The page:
Browne also advised Watts to offer Anna a dietary omega-3 fatty acid supplement, which researchers have found can improve horses’ clinical signs and lung ­function.

“The most common treatment for equine asthma is systemic corticosteroids to control the lower airway inflammation associated with the disease process,” she said. “However, systemic corticosteroids can have many unwanted side effects, with the most severe being laminitis. This mare was an older horse with a history of laminitis and was suspected to also have pituitary pars intermedia dysfunction, also known as equine Cushing’s. As a result, systemic corticosteroids were withheld.”

Watts says Anna did very well at home with daily nebulization moving forward, requiring corticosteroids only sparingly for severe asthma flare-ups. She was able to taper the mare’s nebulizer sessions back to weekly over time.

An Internist’s Perspective

“Equine asthma is a common respiratory disease of horses that can occur in all breeds and performance disciplines,” says Browne. “Mild to moderate equine asthma is seen in up to 60% of horses in some environments, while the prevalence of SEA is closer to 15%. The recurrent cough and increased respiratory effort are attributable to constriction of the airways, mucous hypersecretion, and airway inflammation following exposure to environmental triggers.”

Browne recommends decreasing forage-associated dust, mold, hay, and endotoxin exposures by thoroughly and properly soaking or steaming hay and feeding hay from the ground in a pan or a haynet hung outside a stall with an open top, as with a stall guard or Dutch door. In addition, she suggests feeding alternative forms of forage, such as haylage, chopped dry forage, alfalfa, silage, or completely cubed diets.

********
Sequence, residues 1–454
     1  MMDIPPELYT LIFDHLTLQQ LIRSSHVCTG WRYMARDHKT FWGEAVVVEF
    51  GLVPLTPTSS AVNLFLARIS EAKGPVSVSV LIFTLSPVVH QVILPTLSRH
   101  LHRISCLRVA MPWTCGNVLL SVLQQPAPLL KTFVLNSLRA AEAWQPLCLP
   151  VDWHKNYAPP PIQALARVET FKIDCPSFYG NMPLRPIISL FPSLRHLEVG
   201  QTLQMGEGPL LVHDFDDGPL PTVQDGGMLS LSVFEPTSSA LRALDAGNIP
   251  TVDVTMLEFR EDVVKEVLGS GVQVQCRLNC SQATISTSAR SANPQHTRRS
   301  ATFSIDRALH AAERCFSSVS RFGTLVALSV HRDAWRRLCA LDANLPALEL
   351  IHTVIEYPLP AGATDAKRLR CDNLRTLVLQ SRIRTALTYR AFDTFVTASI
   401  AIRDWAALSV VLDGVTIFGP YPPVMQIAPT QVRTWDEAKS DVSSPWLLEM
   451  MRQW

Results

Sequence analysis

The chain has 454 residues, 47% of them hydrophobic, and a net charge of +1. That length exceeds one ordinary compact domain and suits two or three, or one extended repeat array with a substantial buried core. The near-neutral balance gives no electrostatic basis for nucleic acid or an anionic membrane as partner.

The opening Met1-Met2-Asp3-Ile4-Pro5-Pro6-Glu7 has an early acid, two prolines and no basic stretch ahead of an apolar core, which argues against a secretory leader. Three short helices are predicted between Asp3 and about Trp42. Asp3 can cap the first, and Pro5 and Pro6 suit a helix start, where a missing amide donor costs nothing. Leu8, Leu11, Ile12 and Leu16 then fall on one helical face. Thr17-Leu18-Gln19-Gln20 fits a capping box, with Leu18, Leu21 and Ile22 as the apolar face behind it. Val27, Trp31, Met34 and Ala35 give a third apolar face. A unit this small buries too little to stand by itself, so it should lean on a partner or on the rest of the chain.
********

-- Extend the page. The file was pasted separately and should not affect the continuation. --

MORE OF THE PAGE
“In some cases owners may need to replace hay altogether and transition to a complete pelleted feed diet,” Browne says. “Each patient requires an individualized ­approach, and all of these strategies should be made after consulting with your veterinarian, as each horse’s case will be unique.”

Equine asthma, Browne cautions, typically requires long-term management with a combination of environmental and medical intervention, and some horses might require lifelong treatment. Such medications include anti-inflammatories, bronchodilators, and those that decrease mucous production and increase mucous clearance.


This case provides an example of how horses with uncontrolled SEA present to veterinarians and the aggressive therapy required to make them comfortable. The internists treated Anna with the highest level of care as outlined in the current American College of Veterinary Internal Medicine Consensus Statement.


Written by:

Stacey Oke, MSc, DVM, is a practicing veterinarian and freelance medical writer and editor. She is interested in both large and small animals, as well as complementary and alternative medicine. Since 2005, she’s worked as a research consultant for nutritional supplement companies, assisted physicians and veterinarians in publishing research articles and textbooks, and written for a number of educational magazines and websites.